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MG TD TF 1500 - Horn button
|Me again. I am strongly considering putting my horn button where it belongs, in the middle of the steering wheel (under the MG medallion). It is an easy-peazy job and the wire can run down the steering tube. I have the dash off while laminating a nice birdseye maple on it and am looking for an enamelist to "do" the instrument panel. I am considering moving the key/light switch to between the speedo and left edge. This will free up two perfectly good gauge spots for the supercharger that I am shopping for at the same time.|
|John - Before you get too carried with the easy job of putting the horn push where it belongs, How will you be getting the wires out of the steering column in the engine compartment? Normally when one runs wires down the steering column, there is a slip ring arrangement at the bottom of the column to get the wire out of the column that rotates back and forth and to the horn (such a slip ring arrangement is used on the Y type cars) or there is a stator at the top of the column that remains stationary as the steering wheel rotates. This stator contains the horn and turn signal wires, which are carried down the length of the steering column in a concentric tube and out the end of steering column that protrudes from the opposit side of the steering rack. Such an arrangement is used in the Magnettes. The TD has neither of these arrangements and therefore something will have to be designed to take the horn signal from the wire that goes down the column and transfer it to the horn. I am sure that it can be done, but it is a job that I don't think I would want to tackle. |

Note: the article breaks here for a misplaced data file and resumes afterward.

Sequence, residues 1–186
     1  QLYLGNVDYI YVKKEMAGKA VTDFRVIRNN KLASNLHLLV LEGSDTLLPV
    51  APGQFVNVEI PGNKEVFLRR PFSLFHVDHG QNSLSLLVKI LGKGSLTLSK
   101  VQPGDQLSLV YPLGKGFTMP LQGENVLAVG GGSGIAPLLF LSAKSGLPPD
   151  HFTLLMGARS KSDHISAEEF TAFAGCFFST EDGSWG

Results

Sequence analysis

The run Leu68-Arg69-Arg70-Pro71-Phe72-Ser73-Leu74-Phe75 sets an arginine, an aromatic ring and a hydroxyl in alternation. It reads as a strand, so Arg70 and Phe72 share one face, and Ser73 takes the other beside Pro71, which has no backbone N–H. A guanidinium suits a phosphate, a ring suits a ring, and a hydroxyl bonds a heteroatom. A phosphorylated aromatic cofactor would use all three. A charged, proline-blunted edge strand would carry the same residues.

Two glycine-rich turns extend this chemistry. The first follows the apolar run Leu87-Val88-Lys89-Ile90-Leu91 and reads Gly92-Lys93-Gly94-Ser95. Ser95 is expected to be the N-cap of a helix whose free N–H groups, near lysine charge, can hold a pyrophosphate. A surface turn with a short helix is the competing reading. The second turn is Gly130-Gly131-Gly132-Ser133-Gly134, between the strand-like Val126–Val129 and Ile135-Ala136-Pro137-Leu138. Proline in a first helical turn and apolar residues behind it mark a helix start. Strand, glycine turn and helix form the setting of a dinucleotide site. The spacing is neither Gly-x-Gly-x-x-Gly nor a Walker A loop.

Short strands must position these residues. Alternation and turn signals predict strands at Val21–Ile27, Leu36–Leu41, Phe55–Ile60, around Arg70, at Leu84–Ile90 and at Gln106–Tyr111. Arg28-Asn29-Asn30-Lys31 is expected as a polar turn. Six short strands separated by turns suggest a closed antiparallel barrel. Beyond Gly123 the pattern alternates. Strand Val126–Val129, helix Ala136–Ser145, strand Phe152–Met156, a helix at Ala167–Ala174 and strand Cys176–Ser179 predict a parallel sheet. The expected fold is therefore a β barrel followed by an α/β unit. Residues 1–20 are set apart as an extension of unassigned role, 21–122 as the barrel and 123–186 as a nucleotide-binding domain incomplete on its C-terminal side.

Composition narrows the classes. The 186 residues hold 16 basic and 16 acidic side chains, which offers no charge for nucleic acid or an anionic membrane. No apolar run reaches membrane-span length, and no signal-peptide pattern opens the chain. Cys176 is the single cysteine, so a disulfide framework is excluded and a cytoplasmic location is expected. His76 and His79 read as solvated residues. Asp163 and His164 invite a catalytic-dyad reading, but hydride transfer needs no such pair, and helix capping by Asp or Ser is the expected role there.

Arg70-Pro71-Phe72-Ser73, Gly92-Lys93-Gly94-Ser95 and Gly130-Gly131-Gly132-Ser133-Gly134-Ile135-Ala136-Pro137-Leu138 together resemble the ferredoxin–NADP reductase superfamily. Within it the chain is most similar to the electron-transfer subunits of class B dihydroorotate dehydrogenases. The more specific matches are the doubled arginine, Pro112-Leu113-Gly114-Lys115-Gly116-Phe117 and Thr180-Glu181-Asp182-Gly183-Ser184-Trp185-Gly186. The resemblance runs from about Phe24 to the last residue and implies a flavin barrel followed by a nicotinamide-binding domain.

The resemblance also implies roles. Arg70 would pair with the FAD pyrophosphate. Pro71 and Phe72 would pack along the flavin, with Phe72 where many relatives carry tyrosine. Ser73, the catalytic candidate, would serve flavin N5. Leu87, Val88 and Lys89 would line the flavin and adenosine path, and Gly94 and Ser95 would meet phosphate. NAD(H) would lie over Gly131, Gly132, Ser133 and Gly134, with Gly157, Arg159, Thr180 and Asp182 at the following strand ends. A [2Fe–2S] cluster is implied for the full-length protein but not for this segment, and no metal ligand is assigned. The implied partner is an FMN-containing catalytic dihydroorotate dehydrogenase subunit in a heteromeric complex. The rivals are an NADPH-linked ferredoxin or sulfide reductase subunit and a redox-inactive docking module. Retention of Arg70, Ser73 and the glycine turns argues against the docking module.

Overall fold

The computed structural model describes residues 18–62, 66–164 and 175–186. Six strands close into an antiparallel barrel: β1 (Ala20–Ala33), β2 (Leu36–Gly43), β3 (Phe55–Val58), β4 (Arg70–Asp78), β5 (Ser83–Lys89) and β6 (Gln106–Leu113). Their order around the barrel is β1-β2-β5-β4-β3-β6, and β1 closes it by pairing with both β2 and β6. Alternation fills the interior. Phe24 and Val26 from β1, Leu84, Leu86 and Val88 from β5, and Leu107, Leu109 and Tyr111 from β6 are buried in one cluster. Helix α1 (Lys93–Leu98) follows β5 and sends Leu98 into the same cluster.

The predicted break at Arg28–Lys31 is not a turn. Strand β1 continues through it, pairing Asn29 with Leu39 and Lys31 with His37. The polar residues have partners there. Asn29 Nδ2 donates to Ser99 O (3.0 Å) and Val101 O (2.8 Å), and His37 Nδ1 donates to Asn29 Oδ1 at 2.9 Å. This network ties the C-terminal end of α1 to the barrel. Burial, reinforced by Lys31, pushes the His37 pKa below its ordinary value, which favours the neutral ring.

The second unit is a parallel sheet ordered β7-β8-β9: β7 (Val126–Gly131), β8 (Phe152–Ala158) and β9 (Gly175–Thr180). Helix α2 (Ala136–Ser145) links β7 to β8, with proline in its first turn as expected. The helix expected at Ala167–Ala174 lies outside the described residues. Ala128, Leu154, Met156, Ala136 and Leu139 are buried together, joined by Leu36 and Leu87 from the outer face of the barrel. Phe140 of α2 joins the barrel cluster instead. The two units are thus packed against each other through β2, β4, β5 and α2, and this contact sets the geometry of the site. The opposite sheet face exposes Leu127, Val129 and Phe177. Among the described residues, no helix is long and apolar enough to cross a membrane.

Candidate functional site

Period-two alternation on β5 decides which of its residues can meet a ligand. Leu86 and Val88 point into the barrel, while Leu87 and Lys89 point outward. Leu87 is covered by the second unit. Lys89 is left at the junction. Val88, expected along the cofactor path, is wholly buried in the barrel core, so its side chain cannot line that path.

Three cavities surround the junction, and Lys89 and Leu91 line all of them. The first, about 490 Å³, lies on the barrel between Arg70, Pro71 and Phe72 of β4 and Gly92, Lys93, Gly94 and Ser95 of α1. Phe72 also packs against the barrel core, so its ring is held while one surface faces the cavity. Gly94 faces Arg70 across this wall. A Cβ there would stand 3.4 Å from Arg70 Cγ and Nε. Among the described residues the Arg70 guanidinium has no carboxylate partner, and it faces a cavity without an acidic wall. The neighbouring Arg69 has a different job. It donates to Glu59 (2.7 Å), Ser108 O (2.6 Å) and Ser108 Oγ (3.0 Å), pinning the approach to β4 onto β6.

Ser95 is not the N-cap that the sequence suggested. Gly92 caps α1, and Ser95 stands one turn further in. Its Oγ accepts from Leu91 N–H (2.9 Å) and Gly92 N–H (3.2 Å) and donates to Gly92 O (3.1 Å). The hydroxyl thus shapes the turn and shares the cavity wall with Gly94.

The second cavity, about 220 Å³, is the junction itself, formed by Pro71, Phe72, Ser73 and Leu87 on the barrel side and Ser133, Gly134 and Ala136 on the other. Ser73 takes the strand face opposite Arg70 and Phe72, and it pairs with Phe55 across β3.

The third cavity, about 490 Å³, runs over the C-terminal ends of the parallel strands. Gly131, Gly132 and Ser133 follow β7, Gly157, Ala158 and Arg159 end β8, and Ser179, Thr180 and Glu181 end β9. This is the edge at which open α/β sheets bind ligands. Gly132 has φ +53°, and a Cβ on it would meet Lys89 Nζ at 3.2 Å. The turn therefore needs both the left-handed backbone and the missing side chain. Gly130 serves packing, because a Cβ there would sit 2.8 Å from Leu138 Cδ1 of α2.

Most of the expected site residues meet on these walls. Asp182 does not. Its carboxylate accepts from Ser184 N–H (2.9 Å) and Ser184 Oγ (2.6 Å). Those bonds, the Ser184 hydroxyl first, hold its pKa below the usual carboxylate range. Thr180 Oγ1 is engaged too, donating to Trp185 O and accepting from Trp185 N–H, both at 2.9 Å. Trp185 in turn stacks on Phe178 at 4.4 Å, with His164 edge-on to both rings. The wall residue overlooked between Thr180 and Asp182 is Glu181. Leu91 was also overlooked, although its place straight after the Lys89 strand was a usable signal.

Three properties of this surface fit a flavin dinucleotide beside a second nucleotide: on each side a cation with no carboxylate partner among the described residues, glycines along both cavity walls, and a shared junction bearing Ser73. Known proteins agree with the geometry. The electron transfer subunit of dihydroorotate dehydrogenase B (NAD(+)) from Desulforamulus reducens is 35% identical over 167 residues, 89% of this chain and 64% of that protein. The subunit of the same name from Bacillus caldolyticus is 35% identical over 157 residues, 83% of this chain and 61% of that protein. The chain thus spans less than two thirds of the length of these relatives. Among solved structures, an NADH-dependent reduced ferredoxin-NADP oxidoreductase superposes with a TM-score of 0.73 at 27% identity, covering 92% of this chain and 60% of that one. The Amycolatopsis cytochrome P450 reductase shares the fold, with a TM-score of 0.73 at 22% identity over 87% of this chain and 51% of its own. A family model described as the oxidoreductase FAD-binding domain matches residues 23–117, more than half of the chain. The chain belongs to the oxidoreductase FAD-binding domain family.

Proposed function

Good luck - Dave
|John, maybe look at some period photos, or attend a GOF (two weeks to Palm Coast!) to see what others did with the extra gauges. I think I have seen two fitted to the left side of the dash at an angle. Many years ago Moss had a steering wheel horn kit that was flimsy and did not work very well- it had what David said- a slip ring and contact at the base of the column. Very difficult to engineer!|
The horn button belongs where it belongs. It does not 'belong' on the steering wheel. If you want to customize your car, ok. I run a blower and all my center dash instruments are where they Belong. As you are doing a non-standard dash, it is simple to fit the vac guage along side the speedo/tach and the edge of the scuttle, (rhd v,. lhd = right or left side). Combo horn/dimmer, water temp/oil pressure, amp are sufficient for most uses. I race and other than a some day fit of the oil temp I picked up years ago, the above do quite well.
|I have installed an oil temp gauge and a combo vac/press gauge for my supercharger on the outboard side of all the intruments. It fits very well and is visible to the driver. I was not able to illuminate the gauges due to the thickness of the two layers of wood of the instrument panel. Otherwise, I am quite satisfied.|
|David DuBois is addressing a problem I am currently trying to solve. Instead of putting the horn button in the center of the steering wheel, I had Phil Gross of L.A., who manufactures beautiful steering wheels in wood, make one so that the spokes are electrically insulated from the center hub.|
Hence, with a ring, if I touch two spokes, I make an electric contact. I planned to have the horn of the r.h.s., flashing headlights on the left, plus also the direction lights - a touch would turn on a relay on both sides. I have extra accessories for the spokes running vertically to the bottom.
So I need six wires, because I have 2 inner spokes of each group of 4 insulated and the 2 outer ones grounded. But, as David remarks, I have yet to figure out a way to get the six wires down the column to "turn" as the wheel turns. Sure, I could use cords that wrap/unwrap like those of phone horns, but I wonder if anyone had a better idea.